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Michigan man wrongfully incarcerated for 45 years wants "quiet life"

DETROIT - A Detroit man whose murder conviction was thrown out after he spent 45 years in prison was exonerated Wednesday and won't face a second trial. Richard Phillips, 71, was upbeat, saying the criminal justice system "works – it just didn't work fast enough."

A judge granted the prosecutor's request to permanently drop the case against Phillips, whose conviction was erased last year. He had been free on bond since December. Wayne County prosecutor Kym Worthy said a new investigation by her office backed his claim that he had no role in a 1971 fatal shooting.

She said a key witness lied at his 1972 trial.

"There's nothing I can say to bring back 40 years of his life," Worthy said. "The system failed him. This is a true exoneration." 

Phillips has spent more years behind bars than any wrongfully incarcerated person in the country, his lawyer Gabi Silver told Crimesider. She describes Phillips an "incredibly warm, engaging person" who just wants to pick up the pieces and live a quiet life.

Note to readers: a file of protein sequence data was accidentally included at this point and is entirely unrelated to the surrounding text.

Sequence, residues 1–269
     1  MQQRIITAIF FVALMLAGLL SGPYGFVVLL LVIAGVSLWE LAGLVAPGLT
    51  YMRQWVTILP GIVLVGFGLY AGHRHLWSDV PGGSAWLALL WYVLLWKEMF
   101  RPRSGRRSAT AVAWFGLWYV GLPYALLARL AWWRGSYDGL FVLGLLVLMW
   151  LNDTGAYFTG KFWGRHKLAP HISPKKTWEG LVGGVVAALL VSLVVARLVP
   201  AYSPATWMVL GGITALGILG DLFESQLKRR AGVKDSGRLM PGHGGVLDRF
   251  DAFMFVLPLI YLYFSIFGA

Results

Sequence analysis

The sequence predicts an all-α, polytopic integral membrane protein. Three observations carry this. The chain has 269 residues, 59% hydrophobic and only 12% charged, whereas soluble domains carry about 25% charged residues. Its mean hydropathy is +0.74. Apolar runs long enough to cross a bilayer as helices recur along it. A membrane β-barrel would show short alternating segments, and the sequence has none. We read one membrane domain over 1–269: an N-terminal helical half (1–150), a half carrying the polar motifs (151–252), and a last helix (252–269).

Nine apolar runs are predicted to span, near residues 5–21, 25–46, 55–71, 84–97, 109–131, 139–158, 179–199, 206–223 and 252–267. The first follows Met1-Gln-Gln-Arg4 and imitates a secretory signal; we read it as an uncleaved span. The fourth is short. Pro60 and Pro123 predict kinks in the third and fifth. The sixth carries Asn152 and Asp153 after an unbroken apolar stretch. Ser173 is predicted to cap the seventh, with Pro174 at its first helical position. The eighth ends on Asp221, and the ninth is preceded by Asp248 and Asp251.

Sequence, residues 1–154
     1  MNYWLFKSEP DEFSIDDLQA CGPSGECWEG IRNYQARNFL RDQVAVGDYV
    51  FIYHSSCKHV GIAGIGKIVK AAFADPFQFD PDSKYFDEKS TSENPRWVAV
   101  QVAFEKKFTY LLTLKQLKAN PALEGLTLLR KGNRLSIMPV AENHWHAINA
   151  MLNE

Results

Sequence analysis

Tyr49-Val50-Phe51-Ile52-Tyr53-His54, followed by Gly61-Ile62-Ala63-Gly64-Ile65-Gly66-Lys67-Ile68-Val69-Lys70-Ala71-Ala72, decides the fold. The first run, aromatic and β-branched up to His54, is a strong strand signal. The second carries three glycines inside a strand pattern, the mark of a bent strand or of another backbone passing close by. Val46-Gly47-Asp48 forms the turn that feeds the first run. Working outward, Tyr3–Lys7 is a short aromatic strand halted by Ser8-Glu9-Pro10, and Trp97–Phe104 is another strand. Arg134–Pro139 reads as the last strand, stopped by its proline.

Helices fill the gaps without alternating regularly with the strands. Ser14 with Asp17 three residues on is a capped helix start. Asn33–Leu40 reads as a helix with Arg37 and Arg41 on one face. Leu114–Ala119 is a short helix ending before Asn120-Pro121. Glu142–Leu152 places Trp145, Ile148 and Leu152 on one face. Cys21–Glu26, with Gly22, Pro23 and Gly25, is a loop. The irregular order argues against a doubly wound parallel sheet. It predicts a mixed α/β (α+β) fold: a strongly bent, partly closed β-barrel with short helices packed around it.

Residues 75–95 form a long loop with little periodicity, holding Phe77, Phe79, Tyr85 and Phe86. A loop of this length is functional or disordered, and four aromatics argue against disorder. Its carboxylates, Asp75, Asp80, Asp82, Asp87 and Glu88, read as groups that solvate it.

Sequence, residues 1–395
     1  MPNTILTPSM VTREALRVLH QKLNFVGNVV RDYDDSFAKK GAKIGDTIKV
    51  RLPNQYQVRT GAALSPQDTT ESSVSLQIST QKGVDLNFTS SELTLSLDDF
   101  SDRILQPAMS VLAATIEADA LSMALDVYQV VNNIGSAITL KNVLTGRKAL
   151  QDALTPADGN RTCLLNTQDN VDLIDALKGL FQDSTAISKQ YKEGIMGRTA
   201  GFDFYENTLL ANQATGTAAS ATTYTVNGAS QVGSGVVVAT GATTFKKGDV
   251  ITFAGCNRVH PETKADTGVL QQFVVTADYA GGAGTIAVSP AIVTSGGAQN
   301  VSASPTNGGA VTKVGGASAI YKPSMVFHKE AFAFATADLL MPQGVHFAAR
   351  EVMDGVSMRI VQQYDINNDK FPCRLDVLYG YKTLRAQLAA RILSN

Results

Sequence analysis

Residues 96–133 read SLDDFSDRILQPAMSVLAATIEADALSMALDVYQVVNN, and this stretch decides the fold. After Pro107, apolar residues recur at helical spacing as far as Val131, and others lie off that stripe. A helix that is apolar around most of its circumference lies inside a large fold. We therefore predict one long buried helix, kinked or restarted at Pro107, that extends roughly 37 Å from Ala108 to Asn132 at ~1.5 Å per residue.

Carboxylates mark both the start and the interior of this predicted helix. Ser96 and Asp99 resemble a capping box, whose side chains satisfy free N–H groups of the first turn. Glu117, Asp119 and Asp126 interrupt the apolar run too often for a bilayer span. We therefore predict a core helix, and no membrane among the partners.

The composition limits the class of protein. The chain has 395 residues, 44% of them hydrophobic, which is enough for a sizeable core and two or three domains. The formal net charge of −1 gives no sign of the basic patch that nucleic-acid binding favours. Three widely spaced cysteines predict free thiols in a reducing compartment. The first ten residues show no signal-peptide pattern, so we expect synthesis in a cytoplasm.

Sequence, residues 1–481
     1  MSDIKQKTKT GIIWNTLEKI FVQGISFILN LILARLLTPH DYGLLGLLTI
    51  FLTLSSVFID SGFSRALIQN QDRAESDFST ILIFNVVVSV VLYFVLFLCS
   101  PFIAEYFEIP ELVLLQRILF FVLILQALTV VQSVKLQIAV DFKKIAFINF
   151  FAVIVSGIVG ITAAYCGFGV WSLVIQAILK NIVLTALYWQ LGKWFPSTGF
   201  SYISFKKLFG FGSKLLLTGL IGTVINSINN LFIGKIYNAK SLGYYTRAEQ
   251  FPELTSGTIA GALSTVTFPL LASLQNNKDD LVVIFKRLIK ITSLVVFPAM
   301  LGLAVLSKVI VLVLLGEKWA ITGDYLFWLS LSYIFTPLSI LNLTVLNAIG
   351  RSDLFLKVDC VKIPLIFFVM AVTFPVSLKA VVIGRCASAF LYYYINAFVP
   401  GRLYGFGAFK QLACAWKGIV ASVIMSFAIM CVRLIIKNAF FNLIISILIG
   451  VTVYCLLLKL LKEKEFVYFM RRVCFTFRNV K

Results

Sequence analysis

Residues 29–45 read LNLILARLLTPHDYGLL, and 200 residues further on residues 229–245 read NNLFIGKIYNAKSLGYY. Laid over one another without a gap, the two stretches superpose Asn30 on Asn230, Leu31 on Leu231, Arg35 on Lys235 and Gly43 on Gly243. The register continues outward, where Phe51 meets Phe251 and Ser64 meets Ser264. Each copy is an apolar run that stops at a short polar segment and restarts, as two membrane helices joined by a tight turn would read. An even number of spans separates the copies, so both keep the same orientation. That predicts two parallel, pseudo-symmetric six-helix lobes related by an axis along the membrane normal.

The case was reopened at the urging of the Innocence Clinic at University of Michigan law school after a co-defendant at the '72 trial told the state parole board that Phillips wasn't involved in the slaying of Gregory Harris.

Phillips likely will be eligible for more than $2 million under Michigan's wrongful conviction law.

He is the first person to be exonerated by the Wayne County Prosecuting Attorney's new Conviction Integrity Unit, led by former defense attorney Valerie Newman.

"I've never carried bitterness around so I'm not a bitter man," Phillips told reporters when asked about his decades in prison. 

One of his goals: A reunion with two children who were ages 2 and 4 when he went to prison in 1972. Despite publicity about his case, Phillips said he hasn't heard from them and doesn't know their whereabouts.

"You have seen the worst and best of the criminal justice system," Judge Kevin Cox told Phillips.

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